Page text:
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"We felt like we had the best of both worlds, because we had so many different airplanes to fly and flew so many different kinds of missions." (Video Interview, 11:55)

   Nell S. Stevenson Bright
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Nell Stevenson Bright [2008]
War: World War, 1939-1945
Branch: WASP (Women Airforce Service Pilots)
Service Location: Sweetwater and Biggs Field, El Paso, Texas; Mather Field, California
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Nineteen years old and a college graduate in 1940, Texan Nell Stevenson decided to take flying lessons in Amarillo. An article about the Army Air Corps recruiting women attracted her attention, and she was accepted into the seventh class of the WASP. She spent much of the war stationed in Texas, first training in Sweetwater, then flying a variety of planes out of El Paso on a variety of missions. Flying wasn't all work for her and her colleagues; they weren't above buzzing a group of skinny-dipping soldiers. An encounter with a group of Tuskegee Airmen gave her insight into prejudice. Married after the war, Nell Bright wanted to stay in the Reserves, but she wasn't allowed to fly, and once she had a child, she was forced out. She is proud of her pioneer status among current women flying in the military.

Interview (Video)
»Interview Highlights  (9 clips)
»Complete Interview 
Download: video (52 min.)
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 Video (Interview Excerpts) (9 items)
Finished college when she was 19, took flying lessons in Amarillo, Texas; saw an article about the Army Air Corps looking to train women, giving Jacqueline Cochran's address as point of contact; interviewed by Cochran; Stevenson's qualifications were in order, including her age (she had turned 21); accepted into the seventh class. (02:13) Training at Sweetwater, Texas; got wings in six months (the men took nine); flew seven days a week; cites statistics on how many women applied, were accepted, and graduated; tough training; washout rate same as men--half of her class washed out; sent to Sacramento to fly B-25s, though their initial training had not included that craft; sent to El Paso to tow targets, fly simulated bombing runs to help train soldiers at Fort Bliss; flying a variety of planes. (04:26) Technically under Civil Service; had to prove they could do this to get into military; by time they had earned their credentials, war was winding down and bill to militarize the WASP lost by three votes; how Barry Goldwater and Hap Arnold's son got the WASP veteran status thirty years later; felt personally fortunate to be in a position to fly so many different missions on so many planes. (03:04)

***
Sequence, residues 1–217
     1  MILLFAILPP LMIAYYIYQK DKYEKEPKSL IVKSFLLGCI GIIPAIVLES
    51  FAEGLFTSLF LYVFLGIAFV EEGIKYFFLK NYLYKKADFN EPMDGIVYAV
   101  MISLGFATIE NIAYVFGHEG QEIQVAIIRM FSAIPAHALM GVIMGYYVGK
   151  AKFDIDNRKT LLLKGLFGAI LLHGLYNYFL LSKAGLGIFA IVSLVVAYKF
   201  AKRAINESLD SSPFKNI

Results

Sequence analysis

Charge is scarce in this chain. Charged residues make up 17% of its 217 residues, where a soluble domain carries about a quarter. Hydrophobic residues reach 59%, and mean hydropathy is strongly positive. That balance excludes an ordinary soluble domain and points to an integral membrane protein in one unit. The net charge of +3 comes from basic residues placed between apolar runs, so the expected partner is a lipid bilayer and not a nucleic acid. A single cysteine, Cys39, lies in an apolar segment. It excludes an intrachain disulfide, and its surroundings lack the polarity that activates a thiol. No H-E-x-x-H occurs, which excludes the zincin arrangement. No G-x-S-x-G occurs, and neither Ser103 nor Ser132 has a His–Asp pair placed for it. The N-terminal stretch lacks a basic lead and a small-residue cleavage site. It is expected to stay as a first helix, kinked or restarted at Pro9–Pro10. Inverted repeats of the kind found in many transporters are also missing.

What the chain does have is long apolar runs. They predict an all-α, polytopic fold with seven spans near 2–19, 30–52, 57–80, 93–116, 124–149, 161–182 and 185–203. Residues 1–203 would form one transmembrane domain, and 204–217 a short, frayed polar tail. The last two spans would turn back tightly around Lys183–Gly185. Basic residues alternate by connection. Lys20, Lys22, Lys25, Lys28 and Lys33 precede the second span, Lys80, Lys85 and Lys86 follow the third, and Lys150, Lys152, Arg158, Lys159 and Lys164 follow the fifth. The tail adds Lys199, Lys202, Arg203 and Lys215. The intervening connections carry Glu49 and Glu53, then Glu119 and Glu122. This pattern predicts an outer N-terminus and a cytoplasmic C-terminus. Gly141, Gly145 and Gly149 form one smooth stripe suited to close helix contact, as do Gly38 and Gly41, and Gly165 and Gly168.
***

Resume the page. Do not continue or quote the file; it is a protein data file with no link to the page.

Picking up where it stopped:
Parents approved of her flying; she got interested in flying when she was six years old in West Texas and got a ride with a barnstorming pilot; younger brother was in Army Air Corps and not impressed with his sister flying; tried to get out of her flying him home on leave; did a "Doolittle takeoff" and then buzzed their hometown; he never thanked her for the ride. (04:16) Flew missions where they released poison gas over trainees in the field so gas masks could be tested; one woman pilot had gone out on a mission and thought she released her gas; on the way back, she saw some troops skinny-dipping and buzzed them; when she pulled on her stick to ascend, she released the gas, which had been loaded incorrectly; she was sure she had killed some troops, but they escaped harm. (02:31) Never got any leave; men had a break off between primary and basic and basic and advanced, one reason their training took longer; soldiers using searchlights to force them to fly on instruments; target towing, shots coming a little too close; finished with a strafing mission, they saw soldier in a jeep whom they buzzed twice, before he bailed out and waved his white t-shirt in surrender. (04:32)
After the WASP were deactivated, they were allowed to go into the Air Force Reserves; was a First Lieutenant; having children got a woman kicked out; loved serving in the military and would have made a career of it if they had let her stay, though even in the Reserve, women was not allowed to fly; meeting Tuskegee Airmen at Mather Field in California; commanding officer at Mather would not allow the Airmen to eat in the officers' mess; compromise: they sat in one end of the hall, and the WASP joined them there; impromptu reunion with some of the Airmen years later in Oshkosh, Wisconsin. (04:44) Happy to see all the women pilots in the military; attends International Conference on Women in Aviation; the WASP usually have a booth there; loves to talk with the young women; met first woman to fly with the Thunderbirds; meeting a lot of airline pilots; when the WASP got out, airlines wouldn't talk to them; didn't think of themselves as pioneers then but do now. (02:42) Cochran was very selective in assembling the WASP; they had to be independent and bring that attitude to the organization. (01:07)

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  The Library of Congress  >> American Folklife Center
  October 26, 2011
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